There are currently six described species of non-Human Great Apes, the Chimpanzee, Pan troglodytes, the Bonobo, Pan paniscus, the Eastern Gorilla, Gorilla beringei, the Western Gorilla, Gorilla gorilla, the Sumatra Orangutan, Pongo abelii, and the Borneo Orangutan, Pongo pygmaeus. All of these are classified as either Endangered or Critically Endangered under the terms of the the International Union for the Conservation of Nature's Red List of Threatened Species, with the two Orangutan species, Asia's only Great Apes, considered to be particularly at risk due to the rapid rate of deforestation in Indonesia.
In a paper published in the journal Current Biology on 2 November 2017, a team of scientists led by Alexander Nater of the Department of Anthropology amd Department of Evolutionary Biology and Environmental Studies at the University of Zurich, and the Lehrstuhl für Zoologie und Evolutionsbiologie at the University of Konstanz, Maja Mattle-Greminger, also of the Department of Anthropology amd Department of Evolutionary Biology and Environmental Studies at the University of Zurich, Anton Nurcahyo of the School of Archaeology and Anthropology at the Australian National University, and Matthew Nowak of the Sumatran Orangutan Conservation Programme and Department of Anthropology at Southern Illinois University, describe a new species of Orangutan from the Batang Toro Forest of North Sumatra.
The new species is named Pongo tapanuliensis, meaning 'from Tapanuli', in reference to the three districts where it is found, North, Central, and South Tapanuli, all within the province of North Sumatra. The species is described from a male specimen killed in conflict with local villagers, which was initially determined to be different from museum specimens of the Sumatran and Borneo Orangutans based upon morphometric analysis (a tool used by palaeontologists, archaeologists, anthropologists and forensic pathologists to analyse and compare specimens, by taking numerous measurements of an object such as a bone or shell, and comparing both these measurements and ratios between measurements to those obtained from other specimens in order to establish relationships between them) of the skull bones and teeth, then confirmed as a separate species by genetic sequencing.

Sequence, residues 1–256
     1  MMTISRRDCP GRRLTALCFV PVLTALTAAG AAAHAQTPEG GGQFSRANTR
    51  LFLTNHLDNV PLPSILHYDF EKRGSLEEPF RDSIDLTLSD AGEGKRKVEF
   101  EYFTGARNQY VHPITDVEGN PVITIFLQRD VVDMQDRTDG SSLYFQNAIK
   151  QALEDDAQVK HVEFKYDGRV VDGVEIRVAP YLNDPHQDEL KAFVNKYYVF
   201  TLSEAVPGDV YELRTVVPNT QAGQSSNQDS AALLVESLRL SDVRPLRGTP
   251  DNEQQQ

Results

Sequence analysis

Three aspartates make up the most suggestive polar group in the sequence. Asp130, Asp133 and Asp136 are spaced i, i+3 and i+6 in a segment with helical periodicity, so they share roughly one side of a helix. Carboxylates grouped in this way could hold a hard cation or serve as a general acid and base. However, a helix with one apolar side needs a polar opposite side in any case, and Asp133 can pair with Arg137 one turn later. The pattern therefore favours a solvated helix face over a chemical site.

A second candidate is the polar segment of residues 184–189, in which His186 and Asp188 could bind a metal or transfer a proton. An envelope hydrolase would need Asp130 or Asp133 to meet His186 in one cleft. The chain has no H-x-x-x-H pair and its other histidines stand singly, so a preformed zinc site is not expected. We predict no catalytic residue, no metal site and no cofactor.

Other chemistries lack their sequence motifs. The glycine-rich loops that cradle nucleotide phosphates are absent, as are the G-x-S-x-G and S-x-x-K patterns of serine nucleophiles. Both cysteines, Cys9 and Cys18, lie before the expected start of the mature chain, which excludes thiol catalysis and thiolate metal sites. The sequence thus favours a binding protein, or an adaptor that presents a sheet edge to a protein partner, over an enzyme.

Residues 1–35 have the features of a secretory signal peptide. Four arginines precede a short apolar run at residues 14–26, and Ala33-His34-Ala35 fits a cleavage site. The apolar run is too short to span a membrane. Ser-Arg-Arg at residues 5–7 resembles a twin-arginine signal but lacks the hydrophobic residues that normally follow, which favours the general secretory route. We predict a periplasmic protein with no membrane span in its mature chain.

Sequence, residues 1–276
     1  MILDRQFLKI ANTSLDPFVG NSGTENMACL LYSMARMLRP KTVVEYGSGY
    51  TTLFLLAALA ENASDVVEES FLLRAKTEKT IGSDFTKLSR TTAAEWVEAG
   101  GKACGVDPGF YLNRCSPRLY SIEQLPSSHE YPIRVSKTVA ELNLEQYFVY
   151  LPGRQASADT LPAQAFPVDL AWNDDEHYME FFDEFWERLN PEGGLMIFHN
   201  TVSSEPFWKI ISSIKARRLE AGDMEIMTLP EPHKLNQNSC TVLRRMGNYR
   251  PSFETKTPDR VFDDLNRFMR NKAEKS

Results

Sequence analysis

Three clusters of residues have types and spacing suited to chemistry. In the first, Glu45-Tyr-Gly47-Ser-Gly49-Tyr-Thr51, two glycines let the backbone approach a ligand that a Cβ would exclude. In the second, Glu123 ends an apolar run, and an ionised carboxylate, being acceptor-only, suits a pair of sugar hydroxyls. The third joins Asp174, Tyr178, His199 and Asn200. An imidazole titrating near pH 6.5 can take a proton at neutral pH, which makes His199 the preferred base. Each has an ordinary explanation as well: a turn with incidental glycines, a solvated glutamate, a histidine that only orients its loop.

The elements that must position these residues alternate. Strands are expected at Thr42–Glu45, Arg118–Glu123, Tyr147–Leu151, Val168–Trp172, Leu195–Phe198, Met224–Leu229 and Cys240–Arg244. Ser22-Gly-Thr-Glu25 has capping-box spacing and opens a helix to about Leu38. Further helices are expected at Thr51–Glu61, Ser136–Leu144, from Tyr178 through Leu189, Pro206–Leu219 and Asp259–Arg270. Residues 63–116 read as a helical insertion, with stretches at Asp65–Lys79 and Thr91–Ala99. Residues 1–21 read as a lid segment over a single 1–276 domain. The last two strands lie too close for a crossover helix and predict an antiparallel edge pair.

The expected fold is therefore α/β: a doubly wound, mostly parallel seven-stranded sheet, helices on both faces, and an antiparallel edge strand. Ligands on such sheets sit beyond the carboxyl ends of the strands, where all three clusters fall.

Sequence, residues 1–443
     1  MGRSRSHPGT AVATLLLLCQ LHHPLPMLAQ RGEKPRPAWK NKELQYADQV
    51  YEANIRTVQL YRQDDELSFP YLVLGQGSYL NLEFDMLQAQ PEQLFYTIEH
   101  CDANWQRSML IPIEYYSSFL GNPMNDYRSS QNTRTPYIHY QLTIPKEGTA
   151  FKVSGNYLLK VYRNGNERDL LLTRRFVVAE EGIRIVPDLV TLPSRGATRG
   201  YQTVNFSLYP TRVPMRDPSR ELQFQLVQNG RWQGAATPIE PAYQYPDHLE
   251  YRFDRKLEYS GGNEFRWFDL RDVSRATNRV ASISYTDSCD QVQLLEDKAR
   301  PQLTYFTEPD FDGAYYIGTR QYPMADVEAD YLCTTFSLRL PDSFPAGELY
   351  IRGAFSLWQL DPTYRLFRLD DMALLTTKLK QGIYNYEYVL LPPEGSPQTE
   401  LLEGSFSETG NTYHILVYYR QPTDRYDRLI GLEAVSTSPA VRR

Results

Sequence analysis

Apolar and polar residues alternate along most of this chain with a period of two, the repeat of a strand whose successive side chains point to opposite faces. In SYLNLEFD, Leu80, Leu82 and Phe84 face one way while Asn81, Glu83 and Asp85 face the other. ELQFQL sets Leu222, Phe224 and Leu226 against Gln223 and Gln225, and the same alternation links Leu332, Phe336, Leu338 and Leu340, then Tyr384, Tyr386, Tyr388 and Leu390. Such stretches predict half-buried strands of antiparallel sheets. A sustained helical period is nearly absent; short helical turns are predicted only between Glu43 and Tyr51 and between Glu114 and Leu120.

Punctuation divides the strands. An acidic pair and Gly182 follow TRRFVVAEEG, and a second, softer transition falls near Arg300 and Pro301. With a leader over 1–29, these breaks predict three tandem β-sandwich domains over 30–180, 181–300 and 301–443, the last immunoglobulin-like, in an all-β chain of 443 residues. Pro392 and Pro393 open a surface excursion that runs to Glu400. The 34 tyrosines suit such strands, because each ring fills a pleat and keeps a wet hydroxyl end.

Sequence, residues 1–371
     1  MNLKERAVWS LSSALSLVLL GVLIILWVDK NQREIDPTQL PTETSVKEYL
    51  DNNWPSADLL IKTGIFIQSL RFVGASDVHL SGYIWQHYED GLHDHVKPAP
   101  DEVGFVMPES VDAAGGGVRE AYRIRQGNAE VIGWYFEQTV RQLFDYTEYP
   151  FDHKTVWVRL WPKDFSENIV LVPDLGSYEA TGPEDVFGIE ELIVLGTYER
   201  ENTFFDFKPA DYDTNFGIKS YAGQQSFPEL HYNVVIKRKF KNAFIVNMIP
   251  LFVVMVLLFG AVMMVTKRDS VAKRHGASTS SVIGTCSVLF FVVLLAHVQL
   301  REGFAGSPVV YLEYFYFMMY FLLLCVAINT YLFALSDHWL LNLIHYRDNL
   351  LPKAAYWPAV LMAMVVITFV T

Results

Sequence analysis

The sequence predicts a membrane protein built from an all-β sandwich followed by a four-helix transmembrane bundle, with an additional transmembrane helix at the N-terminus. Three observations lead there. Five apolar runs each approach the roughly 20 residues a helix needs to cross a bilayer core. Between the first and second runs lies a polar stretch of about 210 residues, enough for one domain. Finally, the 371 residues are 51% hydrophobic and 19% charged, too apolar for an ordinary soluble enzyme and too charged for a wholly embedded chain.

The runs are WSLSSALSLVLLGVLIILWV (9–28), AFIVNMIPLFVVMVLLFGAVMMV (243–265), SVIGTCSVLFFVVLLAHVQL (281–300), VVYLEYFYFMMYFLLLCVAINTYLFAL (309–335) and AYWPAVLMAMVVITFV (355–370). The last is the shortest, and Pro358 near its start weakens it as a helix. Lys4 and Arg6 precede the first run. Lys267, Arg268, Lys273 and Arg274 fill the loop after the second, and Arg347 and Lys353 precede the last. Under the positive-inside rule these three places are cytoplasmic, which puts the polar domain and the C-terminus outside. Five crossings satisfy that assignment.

A male Orangutan from the Batang Toro Forest. Sumatran Orangutan Conservation Program.
The population of Orangutans in the Batang Toro Forest is separated from other Orangutan populations on Sumatra by several hundred kilometres. It has previously been thought that this was the result of relatively recent habitat destruction by Human activity, but a molecular clock analysis of the three Orangutan species suggests that the ancestors of Pongo tapanuliensis diverged from the ancestors of the other two Orangutan around 3 380 000 years ago, while Pongo abelii and Pongo pygmaeus only split from one-another around 674 000 years ago.
The distributions of Pongo tapanuliensis (red) and Pongo abelii (yellow). ICUN Red List of Threatened Species.
Less than 800 Orangutans are thought to survive in the forests of Batang Toro, occupying an area of less than 1000 km². The species is found in both medium elevation hill and submontane forest, at altitudes of between 300 and 1300 m above sea level. These Orangutans clearly prefer untouched primary rainforest, where their population is densest, but is sometimes encountered in areas of mixed forest and agriculture around the edges of its range. The species is thought to have extended its range further to the south and west in the relatively recent past, but to have lost much of its range to Sumatra's rapid deforestation.
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